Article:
Fleischer cites new federal dietary guidelines that recommend limiting added sugars to 10% of daily calories, or about 12.5 teaspoons of sugar per day for an average adult.
“That’s a big deal,” he says. “About 600 beverage companies have at least 100% of that recommended limit in their products, and another 100 have more than the recommended amount.”
As a result, Miller says conventional sugar sales are declining while sales of organic and alternative sweeteners are growing.
Organic and non-GMO sweeteners
The leading alternative sweeteners include honey, organic cane sugar, agave, stevia, erythritol, rice and tapioca syrups, monk fruit, and coconut sugar, among others.
Honey is a hot seller right now, according to several suppliers. “Consumers recognize honey as a simple ingredient that most people have been familiar with since childhood,” Lofgren says.
Agave is a top seller at Wholesome Sweeteners. Derived from the agave plant in Jalisco, Mexico, agave is a minimally processed sweetener that is sweeter than sugar, but only needed in small amounts. “It’s a low glycemic sweetener that won’t spike blood sugar like sucrose,” Miller says.
Food companies are looking at rice and tapioca syrup, which are both non-GMO, as alternatives to GMO-risk beet sugar and corn syrup. “A lot of companies don’t want corn-based sweeteners because of negative connotations around high fructose corn syrup and the GMO issue,” Valdivia says.
“There’s been a surge of manufacturers wishing to replace GMO corn syrup with organic or non-GMO tapioca syrup. It’s one of the easier substitutions to make from a formulation standpoint,” Lofgren says.
Stevia is also seeing strong sales, according to Fleischer. It is derived from the stevia rebaudiana plant, which is in the sunflower family, and is grown in Asia and South America. It has 350 times the sweetness of sugar.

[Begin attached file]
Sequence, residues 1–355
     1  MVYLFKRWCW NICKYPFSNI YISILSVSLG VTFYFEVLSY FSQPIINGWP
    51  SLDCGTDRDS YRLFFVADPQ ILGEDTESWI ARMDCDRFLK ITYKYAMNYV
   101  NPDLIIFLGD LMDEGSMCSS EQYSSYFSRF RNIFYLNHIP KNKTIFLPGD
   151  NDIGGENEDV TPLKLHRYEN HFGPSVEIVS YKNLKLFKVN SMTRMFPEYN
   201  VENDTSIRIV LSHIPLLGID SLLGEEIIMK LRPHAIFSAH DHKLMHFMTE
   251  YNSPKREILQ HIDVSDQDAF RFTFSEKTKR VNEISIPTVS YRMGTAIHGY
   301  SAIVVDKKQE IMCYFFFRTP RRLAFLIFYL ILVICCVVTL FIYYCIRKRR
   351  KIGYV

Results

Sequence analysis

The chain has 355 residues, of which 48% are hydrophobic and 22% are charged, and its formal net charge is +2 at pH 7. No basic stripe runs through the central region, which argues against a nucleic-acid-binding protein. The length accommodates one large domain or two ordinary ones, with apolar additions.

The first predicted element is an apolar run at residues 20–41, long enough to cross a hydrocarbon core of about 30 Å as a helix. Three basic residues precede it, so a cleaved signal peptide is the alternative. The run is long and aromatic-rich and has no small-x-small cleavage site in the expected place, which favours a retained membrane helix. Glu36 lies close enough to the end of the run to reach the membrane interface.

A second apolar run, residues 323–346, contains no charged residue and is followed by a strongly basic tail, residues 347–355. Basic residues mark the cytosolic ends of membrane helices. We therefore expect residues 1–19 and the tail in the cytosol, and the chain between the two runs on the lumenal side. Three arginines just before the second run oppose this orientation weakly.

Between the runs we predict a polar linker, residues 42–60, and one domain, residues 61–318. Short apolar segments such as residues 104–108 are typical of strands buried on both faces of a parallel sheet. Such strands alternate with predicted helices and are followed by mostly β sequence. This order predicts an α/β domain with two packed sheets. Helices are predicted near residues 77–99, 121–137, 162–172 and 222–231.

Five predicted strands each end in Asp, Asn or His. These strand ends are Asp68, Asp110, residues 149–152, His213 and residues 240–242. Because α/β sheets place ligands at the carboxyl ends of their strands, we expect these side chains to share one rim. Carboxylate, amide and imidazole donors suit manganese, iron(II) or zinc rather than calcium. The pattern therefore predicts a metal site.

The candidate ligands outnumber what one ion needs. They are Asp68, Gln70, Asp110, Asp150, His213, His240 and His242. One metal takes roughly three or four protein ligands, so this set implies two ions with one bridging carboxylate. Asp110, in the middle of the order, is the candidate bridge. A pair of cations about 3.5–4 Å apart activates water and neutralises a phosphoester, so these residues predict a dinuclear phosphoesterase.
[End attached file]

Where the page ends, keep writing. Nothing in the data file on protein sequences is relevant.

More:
Pyure Brands stevia is sold in Wal-Mart, Target, Albertson’s, and other major retailers. “We’ve positioned ourselves for scalability to reach the mass market,” Fleischer says.
Coca Cola and PepsiCo have developed their own stevia-based sweeteners.
Erythritol is another alternative, non-GMO sweetener derived from corn. It has similar characteristics and consistency to sugar with 70% of its sweetness.
Austrade sells a non-GMO beet sugar sourced from Europe. “Some companies prefer the ‘flavor’ of beet versus cane sugar in certain applications especially for fruit juices, beverages and related juice products,” says Gary Bartl, president of Austrade, who also points out that the beet sugar is identity preserved non-GMO.
A growing number of alternative sweetener suppliers are getting their products Non-GMO Project verified.
“The Non-GMO Project verification was mainly driven by our customers, but we were also seeking a certification company with credibility,” Valdivia says.
Lofgren says non-GMO verification is become more important. “Anyone involved in the food industry has read the headlines on GMO labeling, and with the recent announcement from Campbell that they will begin labeling GMOs, I don’t see it letting up any time soon.”
Though she also says there is a disconnect among consumer knowledge of non-GMO and organic. “A sizeable chunk of the population still does not understand that organic certified products are not allowed to contain GMOs,” Lofgren says.
“It’s all about transparency,” Fleischer says. “Consumers are asking what is on the label and why. Non-GMO verification gives them peace of mind, trust, transparency, and traceability.”